1. Sandwich your distillate between flower rather than putting it on top so it’s not exposed directly to the lighter and won’t run down the stem
  2. Hold the lighter as far away from the bowl as possible and try to light a single section away from the distillate so it’s exposed to the heat indirectly first
  3. Take slow, maintained hits to prevent the fire from burning too bright or taking over the whole bowl at once
  4. Try lighting it one last time after you feel the bowl is done to see if you can catch any residual distillate and prevent it from clogging up the bowl
  5. If you’re rolling a joint and including distillate inside of it, try to put it near the middle so it can receive heat from the front of the joint as it begins creeping down
  6. Don’t put distillate too low or too high in a joint (or include too much of it), or you may find it dripping out or clogging up the airflow

3. Vaping THC Distillate

Companies like Puffco have created electronic dab — this process from a bong also involves vaporization — devices with controlled temperatures. Additionally, cartridges and vape pens have become popular ways to discretely consume THC distillate among consumers.

Occasionally, dab devices will involve water chambers to cool the vapor down, but it’s more common for devices to vaporize, distillate, and deliver the vapor directly to you. This makes the inhale a bit harsher, making the large pulls possible when dabbing out of a bong impossible. 

Still, it’s not everyone’s goal to take in as much THC as possible, so this is a go-to for several casual consumers.

What Temperature To Vape THC Distillate At

In general, higher heat will lead to more vapor at once, and lower heat will result in a better flavor and easier-to-handle inhale. Since every device is different, it’s best to check the specific guidelines, but, in general, 200–260°C (400–500°F)  is a good sweet spot. 

Distillate will begin vaporization as low as 150 °C (300°F), but this risks degrading the THC since it’s unlikely to vaporize as readily at this low of a temperature. At the high end, try not to exceed 315°C (600°F) if you’re looking for a stronger amount of THC at once. 

Just remember this will be a harsher hit and will likely burn off most of any remaining terpenes before they can vaporize.

Sometimes, electronic dab tools require some pre-heating time, but others can reach the optimal temperature range within a minute or so. There’s no need to wait for them to cool down like you would if dabbing from a bong, so the process is a little easier with these as well.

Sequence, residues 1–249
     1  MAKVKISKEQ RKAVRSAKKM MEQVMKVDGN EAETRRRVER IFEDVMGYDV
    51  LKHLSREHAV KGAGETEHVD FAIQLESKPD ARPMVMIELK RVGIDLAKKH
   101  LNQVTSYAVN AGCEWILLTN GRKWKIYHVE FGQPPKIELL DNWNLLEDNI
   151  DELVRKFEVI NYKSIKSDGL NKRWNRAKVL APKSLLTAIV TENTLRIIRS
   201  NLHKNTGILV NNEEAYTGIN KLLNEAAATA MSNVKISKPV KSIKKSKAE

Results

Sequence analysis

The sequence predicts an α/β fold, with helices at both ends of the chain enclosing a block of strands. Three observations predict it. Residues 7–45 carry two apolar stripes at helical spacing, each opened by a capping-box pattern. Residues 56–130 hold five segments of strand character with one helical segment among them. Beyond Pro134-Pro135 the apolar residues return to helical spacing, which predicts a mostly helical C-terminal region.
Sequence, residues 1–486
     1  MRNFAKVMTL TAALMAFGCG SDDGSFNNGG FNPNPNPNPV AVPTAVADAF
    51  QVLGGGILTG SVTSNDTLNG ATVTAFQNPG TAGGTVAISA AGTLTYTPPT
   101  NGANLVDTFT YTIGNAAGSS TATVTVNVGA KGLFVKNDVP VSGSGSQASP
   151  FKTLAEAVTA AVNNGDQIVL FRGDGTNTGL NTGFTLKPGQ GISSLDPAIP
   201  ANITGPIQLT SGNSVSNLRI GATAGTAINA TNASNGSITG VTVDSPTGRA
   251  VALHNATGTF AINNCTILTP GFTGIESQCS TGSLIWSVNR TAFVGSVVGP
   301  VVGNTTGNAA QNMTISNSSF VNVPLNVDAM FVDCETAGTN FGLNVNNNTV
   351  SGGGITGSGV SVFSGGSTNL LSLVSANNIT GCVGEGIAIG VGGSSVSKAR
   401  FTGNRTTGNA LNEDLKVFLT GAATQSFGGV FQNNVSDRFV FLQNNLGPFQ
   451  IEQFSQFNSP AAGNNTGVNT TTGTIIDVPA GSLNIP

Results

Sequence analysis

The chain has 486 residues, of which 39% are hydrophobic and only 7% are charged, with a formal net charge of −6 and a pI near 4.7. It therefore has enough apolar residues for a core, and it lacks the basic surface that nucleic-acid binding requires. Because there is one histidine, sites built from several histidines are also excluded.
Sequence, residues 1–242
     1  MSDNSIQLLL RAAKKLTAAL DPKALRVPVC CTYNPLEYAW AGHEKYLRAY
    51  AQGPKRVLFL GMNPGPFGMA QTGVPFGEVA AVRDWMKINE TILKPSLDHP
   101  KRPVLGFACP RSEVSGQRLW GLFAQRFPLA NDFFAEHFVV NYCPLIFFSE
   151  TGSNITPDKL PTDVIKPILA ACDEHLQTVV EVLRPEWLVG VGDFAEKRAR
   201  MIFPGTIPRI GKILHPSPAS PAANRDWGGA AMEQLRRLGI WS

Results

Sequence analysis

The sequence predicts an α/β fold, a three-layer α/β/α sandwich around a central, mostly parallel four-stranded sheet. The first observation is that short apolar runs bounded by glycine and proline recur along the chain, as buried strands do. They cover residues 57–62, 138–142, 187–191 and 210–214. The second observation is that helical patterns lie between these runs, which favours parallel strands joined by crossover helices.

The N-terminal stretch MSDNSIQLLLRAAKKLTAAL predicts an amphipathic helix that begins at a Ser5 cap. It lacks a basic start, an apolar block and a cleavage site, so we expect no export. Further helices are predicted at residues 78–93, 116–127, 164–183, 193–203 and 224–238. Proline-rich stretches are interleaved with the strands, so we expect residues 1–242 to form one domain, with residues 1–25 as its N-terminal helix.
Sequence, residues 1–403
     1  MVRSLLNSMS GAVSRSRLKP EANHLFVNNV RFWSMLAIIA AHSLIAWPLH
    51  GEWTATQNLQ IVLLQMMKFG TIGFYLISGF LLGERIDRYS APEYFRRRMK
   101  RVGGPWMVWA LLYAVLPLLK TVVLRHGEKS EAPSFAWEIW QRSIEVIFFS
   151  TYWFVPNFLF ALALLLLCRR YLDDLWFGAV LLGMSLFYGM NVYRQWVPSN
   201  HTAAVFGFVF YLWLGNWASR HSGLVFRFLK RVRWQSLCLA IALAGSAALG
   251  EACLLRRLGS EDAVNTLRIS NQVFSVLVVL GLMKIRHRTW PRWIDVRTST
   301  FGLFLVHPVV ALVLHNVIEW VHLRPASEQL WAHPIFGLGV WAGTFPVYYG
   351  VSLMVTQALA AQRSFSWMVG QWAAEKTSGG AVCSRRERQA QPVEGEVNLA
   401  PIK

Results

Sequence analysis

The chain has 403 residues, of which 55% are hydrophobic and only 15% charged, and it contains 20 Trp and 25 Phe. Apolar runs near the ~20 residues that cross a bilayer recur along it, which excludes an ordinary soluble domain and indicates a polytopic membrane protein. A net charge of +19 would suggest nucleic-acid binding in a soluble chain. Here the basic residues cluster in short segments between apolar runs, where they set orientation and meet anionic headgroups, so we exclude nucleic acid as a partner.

4. Adding THC Distillate To Edibles

When infusing or baking edibles with flower, decarboxylation is a crucial first step to ensure your brownies are truly “special.” Since distillation involves the process of converting THCA to its active form, consumers can add it directly to any dish, baked good, or other edible treat.

The real problem with using distillate lies in its heavy potency and how easy it is to overdose your dish. Concern for this elevates when it comes to edibles since they have a longer-lasting effect and can result in several hours of paranoia and anxiety.

Underdose your first couple of attempts to work your way up to higher amounts, and take note of how much you’re using and how it affects you.

As the adage goes, you can always take more of an edible; you can never take less. 

How To Dose THC Distillate Edibles

Since distillate is already active as-is, you could create edibles by simply adding your desired dosage on top of virtually any meal. If you already know your typical dose, you could multiply that by whatever number of edibles you’d like to spread it across; just make sure you don’t accidentally overdo it.

Here’s an example of how to figure out the correct amount of a 95% THC distillate to add if you want to bake 10 brownies with 20mg of THC each:

  • 10 brownies X 20mg of THC = 200 total mg of THC for the tray
  • 200mg of THC X 1.05 to account for the 10% that isn’t THC = 210mg

If you add 210mg of distillate to your tray of brownies and cut them into 10 equal pieces, each should contain 20mg of THC. If you want to infuse butter or oil to achieve the same effect, you can follow the same process but might want to familiarize yourself with how much your typical serving is beforehand.

Another concern with distillate is ensuring you spread it thoroughly into whatever you’re making to ensure it doesn’t clump together in a single bite.

Side Effects From Dabbing/Smoking THC Distillate

With distillate, you’re removing the potentially helpful CBD and increasing the potential to trigger an anxious response [6]. Studies have found CBD to have a calming effect on the THC high and can provide a more reliable level of calm euphoria as opposed to anxious paranoia.

Another concern is over the little-understood Cannabis hyperemesis syndrome (CHS) — a condition with episodes of “relentless vomiting, retching, abdominal pain, and neurological symptoms [7].”

While the actual trigger behind CHS or its episodic symptoms is uncertain, larger doses of THC likely enhance the potential of it developing. With a rapid tolerance buildup, consumers may continue taking in excessively high amounts of THC habitually without even realizing it.